Later, as Israel continued in their idolatry and ignored the unflinching warnings of the prophets about the imminent judgment of God, His punishment eventually fell on them and they were exiled. They did not heed the strong admonition of the prophets and continued in their rebellious acts against the creator, acts that eventually led not to one but two exiles—first the northern kingdom of Israel, and then the southern kingdom of Judah. In these exiles, we see harsh judgment, but hope and eventual delivery are also present. Judgment was brought on the covenant-breaking Israel, while at the same time grace and mercy were shown by the covenant-keeping God in His promises of restoration. Jeremiah, the weeping prophet, said: “For thus says the LORD: When seventy years are completed for Babylon, I will visit you, and I will fulfill to you my promise and bring you back to this place. For I know the plans I have for you, declares the LORD, plans for welfare and not for evil, to give you a future and a hope” (Jer. 29:10–11). The exiles returned to the land, built the walls of Jerusalem and, more importantly, rebuilt Yahweh’s temple. The books of Ezra and Nehemiah help us see the restoration project and the provision of Yahweh in providing gifted people and all that was needed to complete the task. The restoration of Jerusalem and the temple, just like the vision of the dry bones of Ezekiel 37, guide and direct to the climax of God’s restoration through the promised Messiah.

Exile and exodus are two of the most important motifs in the Old Testament that ultimately point us to Christ and His cross.

Then in the fullness of time, the Son humbled Himself in the incarnation in order to bring full and eternal restoration (Phil. 2:5–11). The Son of God had a simple and humble beginning, but a great and precious end, as He provided redemption for the Father’s elect. During His public ministry, when Jesus climbed the mountain with Peter, James, and John and was transfigured, Moses and Elijah, the representatives of the Law and Prophets, appeared before Him. Luke uses the Greek word exodos when he tells us that Moses and Elijah discussed with Jesus His departure, “which he was to accomplish at Jerusalem” (Luke 9:31). Jesus died as the Lamb of God, judged by God for our sins, but also restored to life after three days, burying the curse of sin and death and carrying the full wrath of God to the grave. James Hamilton, in his book What Is Biblical Theology?, writes about the exodus, “Jesus fulfilled the promises from the Old Testament that God would redeem His people in a way that would eclipse the exodus from Egypt (e.g., Jer. 16:14–15; 23:7–8).”1 Once again, as in the Old Testament, the judgment of God was wrapped in grace and mercy. The exodus of Israel from Egypt was not only to deliver them from slavery but also to free them to worship the living God. So also, in Jesus’ exodus in Passover, He delivered us from the chains of Satan and sin and enabled us to worship God in Spirit and truth.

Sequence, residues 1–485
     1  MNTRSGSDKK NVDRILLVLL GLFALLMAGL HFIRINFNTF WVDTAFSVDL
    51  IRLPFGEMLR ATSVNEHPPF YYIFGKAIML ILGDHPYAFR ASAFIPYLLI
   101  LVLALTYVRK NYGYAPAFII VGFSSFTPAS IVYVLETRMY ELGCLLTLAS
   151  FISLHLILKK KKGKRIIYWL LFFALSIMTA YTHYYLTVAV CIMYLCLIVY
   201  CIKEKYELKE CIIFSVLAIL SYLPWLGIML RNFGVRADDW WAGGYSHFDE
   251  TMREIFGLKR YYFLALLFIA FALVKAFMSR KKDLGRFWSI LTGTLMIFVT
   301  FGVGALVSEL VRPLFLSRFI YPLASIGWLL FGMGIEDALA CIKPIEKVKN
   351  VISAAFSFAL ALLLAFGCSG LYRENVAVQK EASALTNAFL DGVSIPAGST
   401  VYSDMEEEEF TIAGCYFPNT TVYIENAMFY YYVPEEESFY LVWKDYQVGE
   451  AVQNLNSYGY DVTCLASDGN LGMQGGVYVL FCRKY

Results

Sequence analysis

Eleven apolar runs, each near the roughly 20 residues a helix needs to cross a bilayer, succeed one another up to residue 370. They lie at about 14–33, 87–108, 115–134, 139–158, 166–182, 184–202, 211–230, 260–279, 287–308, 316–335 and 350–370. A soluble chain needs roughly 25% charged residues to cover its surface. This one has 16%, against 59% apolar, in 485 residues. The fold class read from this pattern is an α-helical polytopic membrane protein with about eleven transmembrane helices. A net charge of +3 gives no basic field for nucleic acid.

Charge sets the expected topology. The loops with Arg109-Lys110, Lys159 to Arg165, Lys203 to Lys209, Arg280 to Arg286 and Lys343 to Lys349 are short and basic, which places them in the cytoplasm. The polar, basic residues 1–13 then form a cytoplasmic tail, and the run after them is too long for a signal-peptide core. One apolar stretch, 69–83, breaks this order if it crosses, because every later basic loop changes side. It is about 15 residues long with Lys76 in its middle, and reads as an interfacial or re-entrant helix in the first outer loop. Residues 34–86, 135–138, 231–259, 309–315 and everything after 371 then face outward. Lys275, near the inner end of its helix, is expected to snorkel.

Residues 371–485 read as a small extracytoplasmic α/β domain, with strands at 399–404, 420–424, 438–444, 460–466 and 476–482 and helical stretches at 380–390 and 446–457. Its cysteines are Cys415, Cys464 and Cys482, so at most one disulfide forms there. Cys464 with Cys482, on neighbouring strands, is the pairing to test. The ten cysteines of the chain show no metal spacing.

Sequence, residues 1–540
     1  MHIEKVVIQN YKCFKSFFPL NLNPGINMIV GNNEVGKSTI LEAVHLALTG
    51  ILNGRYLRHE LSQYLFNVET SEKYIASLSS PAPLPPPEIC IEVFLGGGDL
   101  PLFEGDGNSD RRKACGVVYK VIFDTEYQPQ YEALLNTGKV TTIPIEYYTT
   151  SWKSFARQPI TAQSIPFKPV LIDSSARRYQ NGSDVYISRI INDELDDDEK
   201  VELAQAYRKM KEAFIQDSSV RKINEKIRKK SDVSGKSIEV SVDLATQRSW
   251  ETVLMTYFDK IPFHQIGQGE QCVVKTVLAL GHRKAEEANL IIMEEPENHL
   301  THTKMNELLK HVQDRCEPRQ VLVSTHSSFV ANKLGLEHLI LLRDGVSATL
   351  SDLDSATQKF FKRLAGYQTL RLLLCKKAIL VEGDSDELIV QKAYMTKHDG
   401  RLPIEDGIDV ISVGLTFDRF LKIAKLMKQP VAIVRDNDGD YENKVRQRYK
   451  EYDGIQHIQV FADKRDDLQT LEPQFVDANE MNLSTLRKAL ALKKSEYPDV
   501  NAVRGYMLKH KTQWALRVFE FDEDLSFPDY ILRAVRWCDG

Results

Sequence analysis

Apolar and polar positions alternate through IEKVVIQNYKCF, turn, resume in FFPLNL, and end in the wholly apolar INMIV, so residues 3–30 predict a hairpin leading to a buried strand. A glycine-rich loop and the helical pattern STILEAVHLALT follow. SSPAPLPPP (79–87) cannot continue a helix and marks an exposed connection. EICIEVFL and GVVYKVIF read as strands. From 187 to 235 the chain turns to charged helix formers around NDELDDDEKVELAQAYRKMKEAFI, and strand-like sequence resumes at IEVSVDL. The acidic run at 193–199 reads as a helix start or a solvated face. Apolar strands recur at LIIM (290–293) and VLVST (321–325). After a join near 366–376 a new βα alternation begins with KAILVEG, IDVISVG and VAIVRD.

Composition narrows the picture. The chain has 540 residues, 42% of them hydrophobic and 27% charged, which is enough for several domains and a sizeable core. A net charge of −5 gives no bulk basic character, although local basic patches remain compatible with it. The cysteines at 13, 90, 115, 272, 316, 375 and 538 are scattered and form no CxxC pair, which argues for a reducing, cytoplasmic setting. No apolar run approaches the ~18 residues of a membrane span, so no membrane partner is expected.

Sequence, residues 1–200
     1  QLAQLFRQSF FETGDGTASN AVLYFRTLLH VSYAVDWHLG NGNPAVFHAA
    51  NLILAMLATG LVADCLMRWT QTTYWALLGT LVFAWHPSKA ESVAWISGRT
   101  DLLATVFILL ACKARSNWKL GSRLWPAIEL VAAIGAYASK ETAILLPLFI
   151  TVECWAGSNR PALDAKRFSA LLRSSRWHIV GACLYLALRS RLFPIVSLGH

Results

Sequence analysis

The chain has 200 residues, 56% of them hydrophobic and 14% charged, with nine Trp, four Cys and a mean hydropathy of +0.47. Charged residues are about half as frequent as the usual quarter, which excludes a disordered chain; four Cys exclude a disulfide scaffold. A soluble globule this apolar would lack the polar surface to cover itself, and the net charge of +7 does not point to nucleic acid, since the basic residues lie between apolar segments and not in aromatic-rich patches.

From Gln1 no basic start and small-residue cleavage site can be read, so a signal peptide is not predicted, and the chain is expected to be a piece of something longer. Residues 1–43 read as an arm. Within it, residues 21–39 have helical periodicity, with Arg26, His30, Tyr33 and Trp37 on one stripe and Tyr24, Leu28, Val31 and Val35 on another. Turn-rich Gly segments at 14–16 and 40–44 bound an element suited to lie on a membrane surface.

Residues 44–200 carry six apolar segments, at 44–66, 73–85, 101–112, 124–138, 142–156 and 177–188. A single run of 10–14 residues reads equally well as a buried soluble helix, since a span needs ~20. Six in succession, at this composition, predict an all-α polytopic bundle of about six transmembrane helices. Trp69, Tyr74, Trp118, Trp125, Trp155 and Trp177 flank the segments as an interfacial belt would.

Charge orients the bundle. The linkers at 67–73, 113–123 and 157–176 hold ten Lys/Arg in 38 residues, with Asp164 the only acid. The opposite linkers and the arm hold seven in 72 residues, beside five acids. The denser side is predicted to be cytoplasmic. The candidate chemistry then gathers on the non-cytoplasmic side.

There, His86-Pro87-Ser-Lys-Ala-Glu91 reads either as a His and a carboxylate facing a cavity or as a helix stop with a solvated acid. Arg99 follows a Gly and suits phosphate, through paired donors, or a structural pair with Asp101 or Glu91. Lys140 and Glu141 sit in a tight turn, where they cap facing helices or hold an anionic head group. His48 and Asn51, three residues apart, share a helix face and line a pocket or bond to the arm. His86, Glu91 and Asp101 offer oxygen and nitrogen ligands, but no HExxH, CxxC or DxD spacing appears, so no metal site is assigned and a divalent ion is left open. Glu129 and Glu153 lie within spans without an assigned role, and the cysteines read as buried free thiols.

In Christ, the story comes to its climax. The sad and painful story that began in the garden of Eden with sin and exile finds its joyful end in the Son sitting at the right hand of God and waiting for the day that He will return and bring us to the mansions (John 14:1–3) that He has prepared for us in the heavenly Eden, with free access to the tree of life that is in the middle (Rev. 22:2). The Passover exodus of Jesus has reversed the curse and opened the entrance to life everlasting forever.

What a story, and what a great God.

Editor’s Note: This post was originally published on March 24, 2021.

  1. James M. Hamilton, What Is Biblical Theology? A Guide to the Bible’s Story, Symbolism, and Patterns (Wheaton, Ill.: Crossway, 2014), 54. ↩︎